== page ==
It was bad enough that the dress was a poufy plantation ball gown number, complete with a sash and apron in a disturbing shade of peach, but it also wouldn’t fit in Kate’s suitcase. Which meant she was going to have to carry it on the plane. Which she had explained to Lisa when they’d shopped for the bridesmaid gowns six months ago.
“But I love it!” Lisa had said, and had made Kate turn around one more time on the little pedestal in the bridal salon.
It was puzzling to Kate. Lisa was her cousin and her best friend. She was pretty and so very stylish. Kate had always wished she were as stylish as Lisa. She’d always admired the way Lisa went after things she wanted, her generosity and kindness, her fabulous sense of humor. But Kate did not care for the way Lisa tended to flip out at the first sign of pressure, or the way she’d latched on to a vision for her wedding that defied logic.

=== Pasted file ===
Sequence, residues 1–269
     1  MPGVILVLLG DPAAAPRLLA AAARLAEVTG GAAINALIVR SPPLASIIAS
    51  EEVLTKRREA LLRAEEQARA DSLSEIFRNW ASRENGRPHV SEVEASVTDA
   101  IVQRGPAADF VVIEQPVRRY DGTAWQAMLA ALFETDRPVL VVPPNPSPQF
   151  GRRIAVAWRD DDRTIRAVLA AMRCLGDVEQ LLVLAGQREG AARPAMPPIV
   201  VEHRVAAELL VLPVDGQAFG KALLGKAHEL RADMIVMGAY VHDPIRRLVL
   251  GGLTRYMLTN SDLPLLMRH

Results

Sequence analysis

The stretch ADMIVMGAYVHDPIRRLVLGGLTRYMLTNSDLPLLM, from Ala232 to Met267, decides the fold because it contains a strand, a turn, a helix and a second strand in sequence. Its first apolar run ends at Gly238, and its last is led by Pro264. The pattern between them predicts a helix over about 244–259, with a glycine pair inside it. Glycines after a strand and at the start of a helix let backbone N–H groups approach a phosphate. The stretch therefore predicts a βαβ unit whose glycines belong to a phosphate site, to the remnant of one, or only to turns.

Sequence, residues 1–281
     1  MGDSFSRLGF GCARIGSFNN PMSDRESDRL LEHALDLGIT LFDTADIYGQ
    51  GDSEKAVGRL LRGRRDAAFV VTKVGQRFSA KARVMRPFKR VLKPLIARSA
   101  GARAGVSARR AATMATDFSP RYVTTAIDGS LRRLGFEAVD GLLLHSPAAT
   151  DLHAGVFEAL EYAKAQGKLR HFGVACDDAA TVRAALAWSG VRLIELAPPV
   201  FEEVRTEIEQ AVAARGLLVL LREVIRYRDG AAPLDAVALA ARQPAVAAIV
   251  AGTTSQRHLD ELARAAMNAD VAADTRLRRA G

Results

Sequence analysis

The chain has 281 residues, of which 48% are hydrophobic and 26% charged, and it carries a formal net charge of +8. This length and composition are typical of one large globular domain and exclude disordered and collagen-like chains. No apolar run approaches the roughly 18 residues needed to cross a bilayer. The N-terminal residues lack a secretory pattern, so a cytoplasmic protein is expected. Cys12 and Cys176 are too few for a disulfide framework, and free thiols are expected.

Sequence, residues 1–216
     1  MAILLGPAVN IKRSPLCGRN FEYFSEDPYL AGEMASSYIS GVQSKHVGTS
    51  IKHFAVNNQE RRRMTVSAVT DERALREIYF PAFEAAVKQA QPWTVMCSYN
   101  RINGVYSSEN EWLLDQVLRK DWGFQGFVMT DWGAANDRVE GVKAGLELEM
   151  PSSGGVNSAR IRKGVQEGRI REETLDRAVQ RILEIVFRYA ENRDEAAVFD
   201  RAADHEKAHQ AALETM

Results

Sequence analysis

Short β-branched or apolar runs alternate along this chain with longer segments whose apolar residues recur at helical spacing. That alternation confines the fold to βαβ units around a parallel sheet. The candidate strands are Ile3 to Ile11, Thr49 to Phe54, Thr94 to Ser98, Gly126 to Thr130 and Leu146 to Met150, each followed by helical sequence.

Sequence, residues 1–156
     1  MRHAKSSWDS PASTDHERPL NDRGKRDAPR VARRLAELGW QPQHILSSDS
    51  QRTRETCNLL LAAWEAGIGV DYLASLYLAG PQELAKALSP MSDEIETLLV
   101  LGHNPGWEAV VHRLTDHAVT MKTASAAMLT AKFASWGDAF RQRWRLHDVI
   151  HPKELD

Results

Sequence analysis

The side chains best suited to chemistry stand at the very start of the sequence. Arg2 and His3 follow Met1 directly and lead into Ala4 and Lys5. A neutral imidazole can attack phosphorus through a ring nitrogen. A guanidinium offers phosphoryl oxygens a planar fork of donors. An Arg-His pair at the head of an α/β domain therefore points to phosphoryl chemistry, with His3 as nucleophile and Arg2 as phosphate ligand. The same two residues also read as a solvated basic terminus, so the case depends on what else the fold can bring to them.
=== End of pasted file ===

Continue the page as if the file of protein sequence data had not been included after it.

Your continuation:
Lisa wanted a plantation wedding. In Seattle. And of course Lisa had bought a slinky mermaid wedding gown for herself. But for her sister Lori, and Kate, her maid of honor, she’d insisted on the peach monstrosities, with clunky platform shoes. Plus, she had the most appalling idea that Kate and Lori would wear their hair in French twists from which peach ribbons would cascade. “Like morning mist,” Lisa had said dreamily.
“Like morning puke,” Kate’s little sister Cassidy had bluntly countered.
Kate had complained to her mother, whose sister had given birth to Lisa and Lori. But Kate’s mother was only mildly sympathetic. “It’s Lisa’s wedding. If she wants that kind of dress, she can have it. When you get married, you can make her wear purple or something.”